A part of the issue wealthy, well educated people have in understanding and really sympathizing with poverty is that even those who’ve experienced briefly never possessed any of the internal or intrinsic causes of poverty – physical or mental infirmity, a lack of marketable skills or a language barrier. In the case of Jacob Riis, he came to New York a young, well-educated, middle class, Protestant Danish immigrant, who spoke at least some English when he arrived here. For Riis and those like him, simply removing the trappings of poverty, gaining employment and finding better lodgings was all they had to do to put the external effects of poverty behind them.

As a result, Riis and others felt it HAD TO BE the same for all the other poor, even though it wasn’t, which is why his view that “If you get rid of the slum, you get rid of poverty” was so disastrous when translated into public policy.

The Progressive ideal first championed wholesale by Teddy Roosevelt came out of the desire of the established wealthy patricians to maintain their positions.

In social and economic cauldrons like New York’s they saw a furnace that forged “sharks,” with new ideas and ruthless determination and the ability, IF left unfettered, to displace the established order of things. . .to replace the established businesses and industries with newer ones.

That AND New York’s upper classes saw that the wretched poor, the factories and sweatshops that supported them and the tenement slums that housed them took up would could and SHOULD be valuable real estate.

As much as anything the Progressive movement was motivated by greed in the form of a land grab by some of its more prominent constituents. The Morgan and Vanderbilt controlled New York Central Railroad, which owned the industrial land along Manhattan’s Hudson River side, sought to transform that industrial landscape into more high-value office space that could be built higher than industrial spaces could, thus generating much higher rents.

These patricians formed what was then called the Regional Plan Association or RPA and they immediately gravitated to the idea of planned communities, or “Urban Planning.” FDR’s uncle, Frederic Delano was the RPA’s first chairman.

Their plan at the start was to move New York’s industry and its teeming mass of lower class, working poor across the Hudson. The only thing that kept the RPA from moving those things immediately was the pesky fact all that “teeming confusion” was the basis of the city’s economy. It would have to be done over time, as New York would transition to a newer, less industrialized economy.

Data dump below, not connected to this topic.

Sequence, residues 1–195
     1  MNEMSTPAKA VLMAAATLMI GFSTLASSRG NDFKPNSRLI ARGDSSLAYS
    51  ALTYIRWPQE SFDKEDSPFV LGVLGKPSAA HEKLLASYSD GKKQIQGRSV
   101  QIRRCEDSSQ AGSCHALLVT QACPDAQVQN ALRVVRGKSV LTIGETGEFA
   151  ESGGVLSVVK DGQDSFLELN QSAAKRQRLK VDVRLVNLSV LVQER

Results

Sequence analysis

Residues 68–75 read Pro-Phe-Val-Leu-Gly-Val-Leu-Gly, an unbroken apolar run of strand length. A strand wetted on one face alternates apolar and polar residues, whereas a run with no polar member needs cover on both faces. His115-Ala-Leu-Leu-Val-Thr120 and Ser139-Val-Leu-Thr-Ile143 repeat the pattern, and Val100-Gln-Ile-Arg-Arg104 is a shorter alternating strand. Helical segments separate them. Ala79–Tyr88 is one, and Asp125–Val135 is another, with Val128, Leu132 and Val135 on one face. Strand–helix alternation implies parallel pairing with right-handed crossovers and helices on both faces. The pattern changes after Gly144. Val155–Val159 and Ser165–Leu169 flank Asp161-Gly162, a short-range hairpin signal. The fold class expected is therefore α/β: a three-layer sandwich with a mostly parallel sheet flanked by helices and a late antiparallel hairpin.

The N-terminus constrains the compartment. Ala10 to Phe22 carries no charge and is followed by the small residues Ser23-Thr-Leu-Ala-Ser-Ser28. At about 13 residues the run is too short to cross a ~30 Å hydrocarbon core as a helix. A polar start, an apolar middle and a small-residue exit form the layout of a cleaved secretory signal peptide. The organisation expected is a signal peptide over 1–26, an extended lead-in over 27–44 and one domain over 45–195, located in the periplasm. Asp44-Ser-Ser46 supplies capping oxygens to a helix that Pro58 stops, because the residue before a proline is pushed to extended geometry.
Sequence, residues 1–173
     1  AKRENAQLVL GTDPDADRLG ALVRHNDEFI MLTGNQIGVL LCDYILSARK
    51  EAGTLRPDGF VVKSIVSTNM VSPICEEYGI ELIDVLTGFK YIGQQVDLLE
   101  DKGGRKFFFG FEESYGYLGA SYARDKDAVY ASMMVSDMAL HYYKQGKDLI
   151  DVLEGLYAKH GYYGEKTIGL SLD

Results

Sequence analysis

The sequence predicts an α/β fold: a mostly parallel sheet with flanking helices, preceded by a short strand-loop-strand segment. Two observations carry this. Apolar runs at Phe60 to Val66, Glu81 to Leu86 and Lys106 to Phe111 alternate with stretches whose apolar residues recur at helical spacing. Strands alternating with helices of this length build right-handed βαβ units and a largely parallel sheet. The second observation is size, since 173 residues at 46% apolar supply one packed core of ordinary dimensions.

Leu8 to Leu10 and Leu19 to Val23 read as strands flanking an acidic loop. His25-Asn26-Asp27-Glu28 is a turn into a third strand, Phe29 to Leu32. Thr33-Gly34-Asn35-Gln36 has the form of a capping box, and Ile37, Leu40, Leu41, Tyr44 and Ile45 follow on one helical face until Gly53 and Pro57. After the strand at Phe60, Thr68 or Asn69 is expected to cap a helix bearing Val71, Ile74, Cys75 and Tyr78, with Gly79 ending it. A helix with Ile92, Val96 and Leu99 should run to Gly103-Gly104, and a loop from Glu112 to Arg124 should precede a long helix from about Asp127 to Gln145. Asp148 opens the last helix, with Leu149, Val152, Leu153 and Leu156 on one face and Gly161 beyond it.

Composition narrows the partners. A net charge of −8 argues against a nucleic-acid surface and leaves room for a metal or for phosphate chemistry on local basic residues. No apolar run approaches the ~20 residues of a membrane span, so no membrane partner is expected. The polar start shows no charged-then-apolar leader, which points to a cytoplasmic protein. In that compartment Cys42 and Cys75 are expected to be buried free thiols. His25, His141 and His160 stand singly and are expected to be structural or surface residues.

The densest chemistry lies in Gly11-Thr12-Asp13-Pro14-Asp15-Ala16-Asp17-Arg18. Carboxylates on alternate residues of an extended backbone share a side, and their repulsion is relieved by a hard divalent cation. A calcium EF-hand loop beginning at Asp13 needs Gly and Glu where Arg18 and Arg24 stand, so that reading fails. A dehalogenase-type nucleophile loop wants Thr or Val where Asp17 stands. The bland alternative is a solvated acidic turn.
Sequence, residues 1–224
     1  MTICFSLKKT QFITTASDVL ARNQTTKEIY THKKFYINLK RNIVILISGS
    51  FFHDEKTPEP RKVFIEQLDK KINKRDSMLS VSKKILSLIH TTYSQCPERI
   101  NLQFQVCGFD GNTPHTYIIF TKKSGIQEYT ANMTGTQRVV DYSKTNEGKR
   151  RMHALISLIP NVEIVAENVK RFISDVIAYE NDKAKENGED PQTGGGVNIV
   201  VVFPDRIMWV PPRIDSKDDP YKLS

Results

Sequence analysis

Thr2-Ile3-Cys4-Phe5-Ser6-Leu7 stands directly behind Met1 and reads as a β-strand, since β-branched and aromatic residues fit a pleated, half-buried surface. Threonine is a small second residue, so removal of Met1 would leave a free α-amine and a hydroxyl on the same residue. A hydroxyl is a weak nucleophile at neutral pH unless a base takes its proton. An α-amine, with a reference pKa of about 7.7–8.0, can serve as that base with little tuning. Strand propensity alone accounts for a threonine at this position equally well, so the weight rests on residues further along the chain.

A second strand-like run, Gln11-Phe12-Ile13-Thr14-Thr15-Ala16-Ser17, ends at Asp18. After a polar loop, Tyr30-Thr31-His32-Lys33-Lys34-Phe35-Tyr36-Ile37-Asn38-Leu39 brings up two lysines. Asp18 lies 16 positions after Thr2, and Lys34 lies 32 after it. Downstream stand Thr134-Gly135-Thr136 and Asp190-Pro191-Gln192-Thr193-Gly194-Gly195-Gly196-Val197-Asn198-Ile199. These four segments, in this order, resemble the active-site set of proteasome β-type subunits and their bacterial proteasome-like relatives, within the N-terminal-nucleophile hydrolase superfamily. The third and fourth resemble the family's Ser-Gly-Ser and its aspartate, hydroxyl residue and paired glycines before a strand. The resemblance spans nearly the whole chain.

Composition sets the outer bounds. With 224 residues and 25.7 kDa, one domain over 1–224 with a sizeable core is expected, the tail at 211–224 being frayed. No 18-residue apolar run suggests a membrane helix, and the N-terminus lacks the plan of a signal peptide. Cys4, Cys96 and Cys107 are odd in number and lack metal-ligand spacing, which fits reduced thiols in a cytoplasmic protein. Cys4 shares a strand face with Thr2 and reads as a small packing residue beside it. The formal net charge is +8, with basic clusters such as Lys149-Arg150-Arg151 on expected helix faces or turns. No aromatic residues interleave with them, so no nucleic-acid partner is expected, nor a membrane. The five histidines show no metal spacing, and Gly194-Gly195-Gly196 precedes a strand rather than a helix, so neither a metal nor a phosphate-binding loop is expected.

Robert Moses (NYC’s “Master Builder”) became an integral part of that plan that continued after WW II. Robert Moses benefitted from a number of pieces of national housing legislation. The first was the 1937 United States Housing Act, which was the nation’s first public housing law. It sprang directly from New York City’s housing reform movement and was often called “the Wagner Act,” after its primary patron, NY State Senator and Tammany Hall legend, Robert F. Wagner Sr. Within a few decades public housing projects were strewn across cities throughout America. Those concrete slab housing projects housed over 500,000 people in New York City alone!

However, Moses came to rely on the 1949 Housing Act even more than its predecessor. That law allowed him to use federal funds to condemn and clear “slums” and sell off the land to private developers on the cheap.

Robert Moses developed the system of highways and bridges that crisscrossed New York City connecting it with Long Island to the East, the upstate mainland to the north and New jersey and points west, while in the process, the man who would never drive a car himself created that highway system by tearing apart and separating once tight knit neighborhoods, in effect, dismantling the last of the pre-FIRE takeover of New York city.

By the mid-1960s, the FIRE (Finance, Insurance and Real Estate) economy was in place and pretty much dominated New York. The Rockefellers (owners of Chase Manhattan Bank) led a consortium of FIRE business leaders. One of their major projects completed much of what the RPA wanted done. The World Trade Center complex eradicated lower Manhattan’s famed “Radio Row,” which housed scores of small factories, electronic appliance dealers and repair shops and quickly moved them and all those jobs out of the city.

By the late 1960s New York had ceased being a major commercial port, as the FIRE industries DID NOT rely on large quantities of goods brought into the city daily, so thousands of Long Shoreman and Teamster jobs were eradicated.

The “Progressive agenda,” as played out in New York eliminated the unheralded opportunities for upward mobility among the teeming throng of working poor who’d poured into that city for generations, eradicated their cheap lodgings, the factories that employed them and replaced New York’s once bustling, dynamic economy with a staid and static FIRE economy, one which oddly true to its name would play a part in the coming “fire storm” that cleansed new York of the last vestiges of what was before.

The primary impetus for the “progressive agenda” was self-protection for the upper classes and the chance to rake in windfall profits from the clearing of slums and factories and the conversion of those lands into vehicles that better benefitted New York’s patrician class.

That’s why Progressivism and the Keynesian economics that was its hallmark is a Country Club Republican ideology, endorsed by the likes of J. P Morgan, Bernard Baruch and the Rockefellers.

Progressivism transformed dynamic old New York with its teeming factories and myriad industries and commercial hodge podges into the well coifed and more exclusive and far less dynamic FIRE economy of today.